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Understanding flood risk from space: opportunities to adapt to changing risk and catalyze climate justice with Elizabeth Tellman

October 13 @ 1:00 pm - 2:00 pm

Elizabeth Tellman

School of Geography, Development and Environment

Arizona State University


Thursday, October 13, 2022

1:00p – 2:00p

MacNider Hall 321


Floods affect more people than any other hazard, and the frequency and magnitude of exposure is growing with demographic and climatic changes. Yet the ability to predict and monitor floods from local to global scales remains a challenge and limits access to financial protection for vulnerable populations. The increasing availability, frequency, and spatio-temporal resolution of satellite data provides new opportunities to monitor floods locally and globally. Advances in cloud computing and machine learning techniques enable increasingly accurate flood event monitoring by fusing observations from multiple sensors. I will show how these new methods and data can improve our ability to understand and adapt to flood risk from global to local scales. This talk will demonstrate how improved flood observations yield insight into where populations are moving into flood plains, inform decisions to relocate refugee camps, direct cash transfers for recovery, and underpin innovative index insurance schemes in Bangladesh. Despite the potential benefits of satellite flood data, unequal access to flood information could further exacerbate vulnerability for the most marginalized. How do we ensure these new technological and scientific advances reduce rather than deepen existing inequalities in who loses most when a flood hits? I’ll show how my lab members are working to leverage satellite based flood data to catalyze climate justice in the US from Lake Charles, Louisiana to the Rio Grande Valley in Texas.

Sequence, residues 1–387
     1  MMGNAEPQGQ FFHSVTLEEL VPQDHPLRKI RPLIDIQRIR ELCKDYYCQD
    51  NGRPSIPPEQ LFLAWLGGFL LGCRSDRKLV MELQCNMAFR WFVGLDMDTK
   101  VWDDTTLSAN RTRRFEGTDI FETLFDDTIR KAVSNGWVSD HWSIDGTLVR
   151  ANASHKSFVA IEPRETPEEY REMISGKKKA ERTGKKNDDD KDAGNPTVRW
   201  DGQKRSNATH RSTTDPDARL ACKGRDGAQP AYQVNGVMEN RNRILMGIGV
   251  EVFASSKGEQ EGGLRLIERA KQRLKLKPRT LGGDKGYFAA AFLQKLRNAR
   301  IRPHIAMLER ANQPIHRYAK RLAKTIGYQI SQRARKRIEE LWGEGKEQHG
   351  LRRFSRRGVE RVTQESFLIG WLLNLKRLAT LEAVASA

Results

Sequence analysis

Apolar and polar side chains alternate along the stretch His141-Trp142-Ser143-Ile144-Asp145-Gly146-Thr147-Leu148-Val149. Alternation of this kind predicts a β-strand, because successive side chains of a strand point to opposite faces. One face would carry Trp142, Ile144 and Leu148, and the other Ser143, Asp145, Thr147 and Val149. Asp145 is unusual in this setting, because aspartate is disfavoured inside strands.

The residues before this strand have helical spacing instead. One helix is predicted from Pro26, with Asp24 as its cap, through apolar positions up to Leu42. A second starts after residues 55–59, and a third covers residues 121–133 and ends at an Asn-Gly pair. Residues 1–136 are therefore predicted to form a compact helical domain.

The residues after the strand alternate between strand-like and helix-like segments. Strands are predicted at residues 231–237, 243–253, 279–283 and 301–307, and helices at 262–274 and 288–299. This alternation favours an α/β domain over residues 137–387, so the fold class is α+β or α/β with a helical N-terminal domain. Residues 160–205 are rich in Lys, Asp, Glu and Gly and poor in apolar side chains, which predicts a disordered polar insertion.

Beth is an Assistant Professor at the University of Arizona, in the School of Geography, Development, and Environment whose research addresses the causes and consequences of global environmental change on people, with a focus on access to water, flood risk, and land use change. She engages in multiple disciplines and methods to “socialize the pixel” or understand the social processes behind environmental change captured in satellite image pixels and leverage satellite data to improve human well-being. She is a co-founder and Chief Science Officer of Cloud to Street, a public benefit corporation that leverages remote sensing to build flood monitoring and mapping systems for low- and middle-income countries. Her global flood mapping work was recently featured on the cover of Nature. To learn more about her publications and projects see:


October 13
1:00 pm - 2:00 pm